School of Medicine
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Clinical Professor, Medicine - Primary Care and Population Health
Bio Dr. Westley has clinical training in Internal Medicine, Pulmonary Disease, Critical Care and Palliative Care.
He is Captain, USPHS (retired) having worked for 22 years in Anchorage, Alaska providing care primarily for Alaska Natives and American Indians. From 2002 to 2014 his work in Seattle, Washington focused on Critical Care and for most of that time he was ICU Medical Directory and Medical Director for Respiratory Therapy.
For more than two decades working both in Alaska and Seattle, Washington he explored ways to improve the safety, reliability, and efficiency of clinical care both in the hospital and in ambulatory clinics. Most recently his focus is to improve the quality of communication and care provided for patients and their families facing serious, often life limiting illnesses and those in the final stages of their lives.
Lynn Marie Westphal, MD
Professor of Obstetrics and Gynecology (Reproductive Endocrinology and Infertility) at Stanford University Medical Center
Current Research and Scholarly Interests Infertility, fertility preservation, oocyte cryopreservation
Professor of Medicine (Immunology and Rheumatology)
Current Research and Scholarly Interests Telomere biology and genomic stress in autoimmunity and inflammation
Amanda J. Wheeler
Clinical Associate Professor, Surgery - General Surgery
Current Research and Scholarly Interests Dr. Wheeler actively participates in both clinical and basic science research in order to create opportunities for her patients to optimize their care and treatment of breast cancer. By focusing on patient centric research, she is able to offer cutting edge therapies for her breast cancer patients. She currently collaborates with several basic science labs, including Dr. Jeffrey who studies circulating tumor cells and the tumor microenvironment. Dr. Wheeler has also collaborated with Dr. Quake?s lab looking at an early detection blood test for the diagnosis of breast cancer.
As a clinical educator, Dr. Wheeler is able to choose applicable studies for her patients that have the potential to impact future patients who are diagnosed with breast cancer. Past and current projects include a patient decision making study looking at motivating factors for patients who choose mastectomy vs breast conserving surgery. She also was a co-author on a study showing a novel intra operative warming device that led to a decrease in post-operative complications. She has collaborated with a psychologist to study a surgical success program with the goal of decreasing post-operative pain and disability.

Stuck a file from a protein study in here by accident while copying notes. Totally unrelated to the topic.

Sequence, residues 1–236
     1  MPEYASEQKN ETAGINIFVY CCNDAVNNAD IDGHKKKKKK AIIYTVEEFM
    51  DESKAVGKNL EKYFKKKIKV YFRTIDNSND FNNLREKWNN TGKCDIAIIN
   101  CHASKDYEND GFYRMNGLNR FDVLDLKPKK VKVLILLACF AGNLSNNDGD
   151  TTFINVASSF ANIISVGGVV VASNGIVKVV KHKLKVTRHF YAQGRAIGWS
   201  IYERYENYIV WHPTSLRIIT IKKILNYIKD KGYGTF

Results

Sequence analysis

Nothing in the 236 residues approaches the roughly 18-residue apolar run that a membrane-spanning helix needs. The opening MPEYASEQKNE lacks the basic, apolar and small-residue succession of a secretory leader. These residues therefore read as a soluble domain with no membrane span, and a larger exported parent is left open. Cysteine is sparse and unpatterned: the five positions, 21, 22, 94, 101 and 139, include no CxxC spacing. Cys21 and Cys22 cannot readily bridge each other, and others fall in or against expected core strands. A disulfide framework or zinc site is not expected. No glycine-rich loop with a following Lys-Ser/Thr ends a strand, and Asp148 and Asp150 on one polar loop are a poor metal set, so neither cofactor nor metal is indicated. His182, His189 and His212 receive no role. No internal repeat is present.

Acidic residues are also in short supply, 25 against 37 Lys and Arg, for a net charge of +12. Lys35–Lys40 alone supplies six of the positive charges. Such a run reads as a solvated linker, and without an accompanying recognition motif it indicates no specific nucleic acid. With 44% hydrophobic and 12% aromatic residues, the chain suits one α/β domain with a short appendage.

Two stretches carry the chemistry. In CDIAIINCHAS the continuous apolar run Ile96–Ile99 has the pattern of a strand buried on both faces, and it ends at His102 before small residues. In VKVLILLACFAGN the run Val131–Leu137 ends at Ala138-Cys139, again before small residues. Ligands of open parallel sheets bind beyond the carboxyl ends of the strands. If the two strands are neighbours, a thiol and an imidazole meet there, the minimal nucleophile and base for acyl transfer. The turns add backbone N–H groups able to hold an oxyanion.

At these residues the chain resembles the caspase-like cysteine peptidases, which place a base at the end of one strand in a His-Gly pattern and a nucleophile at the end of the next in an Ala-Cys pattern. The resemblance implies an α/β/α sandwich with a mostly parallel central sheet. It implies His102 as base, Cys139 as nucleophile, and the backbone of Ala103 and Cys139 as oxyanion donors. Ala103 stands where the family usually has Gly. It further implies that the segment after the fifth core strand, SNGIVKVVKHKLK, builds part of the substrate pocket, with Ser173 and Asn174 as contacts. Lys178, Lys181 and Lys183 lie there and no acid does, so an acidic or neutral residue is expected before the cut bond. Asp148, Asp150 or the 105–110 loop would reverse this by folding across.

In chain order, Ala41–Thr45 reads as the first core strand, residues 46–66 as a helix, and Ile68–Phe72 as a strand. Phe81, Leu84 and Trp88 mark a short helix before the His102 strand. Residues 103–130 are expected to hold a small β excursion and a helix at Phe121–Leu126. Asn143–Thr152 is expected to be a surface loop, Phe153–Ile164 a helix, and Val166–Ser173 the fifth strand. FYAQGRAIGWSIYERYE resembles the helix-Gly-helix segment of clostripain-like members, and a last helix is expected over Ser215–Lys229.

Dr. Wheeler has also collaborated with her breast imaging colleagues to develop an augmented reality platform for tumor localization with the hopes of decreasing re-excision rates and performing an improved cosmetic outcome for breast cancer patients. She also participated in a study that tattooed sentinel lymph nodes in the pre chemotherapy setting in order to limit surgery in the axilla thereby decreasing lymphedema and pain associated with standard axillary lymph node dissections.
In addition to her clinical research, she is involved nationally in breast fellowship accreditation through the American Society of Breast Surgeons(ASBS). She serves on the Education board for ASBS and is invited to give talks nationally and internationally on her clinical interests and research. She has written several chapters and is a frequent peer review editor.
At Stanford Hospital and Clinics she is the surgical medical director of Clinical Advice Services (CAS). CAS is responsible for after hour patient related triage. She is the current co-chairwoman of professional development at a fraternal organization on the Stanford Campus. Mentorship of women at the college, and fellowship level continues to be a passion for her. She also enjoys yoga, painting, playing tennis and golf.
Clinical Assistant Professor, Medicine - Cardiovascular Medicine
Current Research and Scholarly Interests Translational research in rare and undiagnosed diseases. Basic and clinical research in cardiomyopathy genetics, mechanisms, screening, and treatment. Investigating novel agents for treatment of hypertrophic cardiomyopathy and new mechanisms in heart failure. Cardiovascular screening and genetics in competitive athletes, disease gene discovery in cardiomyopathy and rare disease. Informatics approaches to rare disease and multiomics. Molecular transducers of physical activity bioinformatics.